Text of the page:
Judge reaffirms Texas' 'Robin Hood' system of school funding unconstitutional
AUSTIN — A judge declared Texas' school finance system unconstitutional for a second time on Thursday, finding that even though the Legislature pumped an extra $3 billion-plus into classrooms last summer, the state still fails to provide adequate funding or distribute it fairly among wealthy and poor areas.
State District Judge John Dietz's written ruling reaffirms a verbal decision he issued in February 2013. He found then that the state's so-called “Robin Hood” funding formula fails to meet the Texas Constitution's requirements for a fair and efficient system that provides a “general diffusion of knowledge.”
Dietz's final, 21-page opinion took the extra step of blocking Texas from using portions of its system to pay for schools — but put that order on hold until July. That gives the Legislature, which reconvenes in January, an opportunity to “cure the constitutional deficiencies,” the ruling says.
Texas Attorney General Greg Abbott's office, which had argued that the system was flawed but nonetheless constitutional, said that the state “will appeal and will defend this law, just as it defends all laws enacted by the Legislature when they are challenged in court.” That means the case is likely headed to the Texas Supreme Court.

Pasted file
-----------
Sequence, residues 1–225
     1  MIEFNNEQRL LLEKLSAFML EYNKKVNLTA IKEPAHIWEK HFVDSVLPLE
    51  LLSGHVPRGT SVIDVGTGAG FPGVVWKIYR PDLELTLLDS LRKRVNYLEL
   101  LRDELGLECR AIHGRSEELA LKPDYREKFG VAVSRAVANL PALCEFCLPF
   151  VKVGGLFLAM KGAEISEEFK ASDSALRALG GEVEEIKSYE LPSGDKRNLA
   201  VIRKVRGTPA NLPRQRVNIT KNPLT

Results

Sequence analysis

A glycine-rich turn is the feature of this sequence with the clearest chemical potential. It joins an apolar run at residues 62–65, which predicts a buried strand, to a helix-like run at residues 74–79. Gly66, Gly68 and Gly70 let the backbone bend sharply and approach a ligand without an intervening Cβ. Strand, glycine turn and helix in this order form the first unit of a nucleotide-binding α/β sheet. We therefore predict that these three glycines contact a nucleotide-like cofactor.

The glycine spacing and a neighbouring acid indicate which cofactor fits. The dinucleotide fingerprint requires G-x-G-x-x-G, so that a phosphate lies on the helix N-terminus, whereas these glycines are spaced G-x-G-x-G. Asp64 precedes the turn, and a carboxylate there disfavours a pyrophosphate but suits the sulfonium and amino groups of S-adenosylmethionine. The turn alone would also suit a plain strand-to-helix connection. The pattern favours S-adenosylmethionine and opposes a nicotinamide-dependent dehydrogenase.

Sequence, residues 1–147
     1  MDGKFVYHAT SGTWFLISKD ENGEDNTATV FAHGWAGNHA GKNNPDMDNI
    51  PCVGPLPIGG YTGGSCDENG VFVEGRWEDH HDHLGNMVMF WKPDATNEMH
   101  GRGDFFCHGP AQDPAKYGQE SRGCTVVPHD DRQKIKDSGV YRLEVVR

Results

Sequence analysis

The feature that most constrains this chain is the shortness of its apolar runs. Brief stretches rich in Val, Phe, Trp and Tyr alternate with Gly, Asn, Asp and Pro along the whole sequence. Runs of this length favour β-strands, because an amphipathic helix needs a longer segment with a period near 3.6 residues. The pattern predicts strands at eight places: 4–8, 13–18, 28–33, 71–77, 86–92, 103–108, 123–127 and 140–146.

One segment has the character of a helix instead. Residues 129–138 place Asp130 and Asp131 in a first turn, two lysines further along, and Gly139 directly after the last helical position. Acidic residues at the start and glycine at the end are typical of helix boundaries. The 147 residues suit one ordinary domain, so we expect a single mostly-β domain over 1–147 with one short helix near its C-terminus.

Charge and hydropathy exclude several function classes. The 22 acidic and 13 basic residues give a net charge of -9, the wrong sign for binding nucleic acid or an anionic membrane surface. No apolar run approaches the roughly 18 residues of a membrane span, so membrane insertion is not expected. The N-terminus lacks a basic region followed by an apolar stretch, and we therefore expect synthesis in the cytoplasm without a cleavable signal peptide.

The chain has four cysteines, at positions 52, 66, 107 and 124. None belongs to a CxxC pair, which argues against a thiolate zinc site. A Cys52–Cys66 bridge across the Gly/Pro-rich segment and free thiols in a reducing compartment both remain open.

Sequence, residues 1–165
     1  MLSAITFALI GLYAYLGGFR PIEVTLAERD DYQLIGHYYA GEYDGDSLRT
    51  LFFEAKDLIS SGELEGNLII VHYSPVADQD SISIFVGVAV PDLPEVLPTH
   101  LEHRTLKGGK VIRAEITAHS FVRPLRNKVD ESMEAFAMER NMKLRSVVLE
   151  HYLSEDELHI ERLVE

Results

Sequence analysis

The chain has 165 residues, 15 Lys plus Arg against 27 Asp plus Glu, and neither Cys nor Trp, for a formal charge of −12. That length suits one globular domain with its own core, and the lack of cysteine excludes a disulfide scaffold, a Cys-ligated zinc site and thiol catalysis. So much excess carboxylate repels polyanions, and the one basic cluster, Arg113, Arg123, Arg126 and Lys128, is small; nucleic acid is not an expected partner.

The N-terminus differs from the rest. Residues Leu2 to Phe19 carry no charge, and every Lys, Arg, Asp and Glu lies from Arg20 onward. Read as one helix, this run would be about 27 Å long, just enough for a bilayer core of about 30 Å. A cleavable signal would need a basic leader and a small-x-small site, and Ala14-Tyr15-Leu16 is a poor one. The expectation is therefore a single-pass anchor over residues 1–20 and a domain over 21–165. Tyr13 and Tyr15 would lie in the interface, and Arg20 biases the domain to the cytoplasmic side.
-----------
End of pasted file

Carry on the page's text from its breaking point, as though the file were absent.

If the high court upholds the Dietz decision, it will be up to state lawmakers to design a new funding method. Still, all appeals may not conclude until well after the 2015 legislative session is over.
Show commenting policy
TribLive commenting policy
- Propane, oil prices expected to be lower over winter
- Ex-coal CEO Blankenship talks safety in secretly recorded calls
- Dell buying EMC in a transaction valued at about $67 billion
- Stocks up before earnings reports
- El Niño storms might not be savior for Calif.
- Half Moon Bay contest dubs 1,969-pound pumpkin the plumpest
- Supreme Court to consider reprieve for teens who kill
- Part of major highway reopens as South Carolina recovers from floods
- Lawmaker seeks ban on LGBT ‘conversion therapy’ in New Hampshire
- Community lines streets as students return to class in Roseburg
- Sagging inflation expected to rule out Social Security cost-of-living adjustment